Lichens play a major role in shaping the natural world, both physically and biologically. One such role, as biological agents in soil development, used to be considered only in a geological context, but recent research has shown that lichens are capable of biodeteriorating stone substrata within a relatively short time-scale. Chemical alteration of the substratum is brought about by the disruptive action of many species, particularly those capable of producing oxalate(s) at the thallus-substratum interface. Raman microscopic analysis has proved invaluable in the interpretation and characterisation of the physical and chemical nature of this interface. The oxalate contributes significantly to the bulk and composition of the thallus itself and persists after the lichen.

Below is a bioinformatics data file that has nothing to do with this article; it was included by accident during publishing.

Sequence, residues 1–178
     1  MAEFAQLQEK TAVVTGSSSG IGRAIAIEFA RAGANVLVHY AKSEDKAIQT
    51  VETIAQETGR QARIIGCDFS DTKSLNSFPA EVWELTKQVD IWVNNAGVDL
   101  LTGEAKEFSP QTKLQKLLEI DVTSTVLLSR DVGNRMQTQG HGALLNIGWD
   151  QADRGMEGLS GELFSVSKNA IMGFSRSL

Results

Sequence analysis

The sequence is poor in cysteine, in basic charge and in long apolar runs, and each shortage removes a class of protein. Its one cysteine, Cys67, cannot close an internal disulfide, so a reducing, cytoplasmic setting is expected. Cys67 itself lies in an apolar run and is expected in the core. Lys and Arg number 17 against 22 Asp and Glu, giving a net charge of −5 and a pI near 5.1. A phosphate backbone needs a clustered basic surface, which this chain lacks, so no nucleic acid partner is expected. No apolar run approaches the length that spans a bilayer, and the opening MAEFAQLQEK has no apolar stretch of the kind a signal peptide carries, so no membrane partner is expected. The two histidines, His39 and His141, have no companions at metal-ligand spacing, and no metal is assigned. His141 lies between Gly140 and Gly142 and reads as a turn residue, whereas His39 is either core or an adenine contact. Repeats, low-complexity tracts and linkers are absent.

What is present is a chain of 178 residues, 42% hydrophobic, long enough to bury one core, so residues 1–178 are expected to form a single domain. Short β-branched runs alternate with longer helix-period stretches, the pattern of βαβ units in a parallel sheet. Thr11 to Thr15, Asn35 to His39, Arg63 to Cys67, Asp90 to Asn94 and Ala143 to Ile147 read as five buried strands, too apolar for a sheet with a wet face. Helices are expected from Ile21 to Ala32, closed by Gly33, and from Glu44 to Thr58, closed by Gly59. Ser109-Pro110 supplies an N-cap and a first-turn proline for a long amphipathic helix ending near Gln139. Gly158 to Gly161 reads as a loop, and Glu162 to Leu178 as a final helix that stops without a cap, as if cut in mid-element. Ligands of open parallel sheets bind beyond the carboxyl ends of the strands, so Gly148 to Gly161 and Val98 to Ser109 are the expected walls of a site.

Key words: Biodeterioration, Lichens, Oxalates, Raman microscopic analysis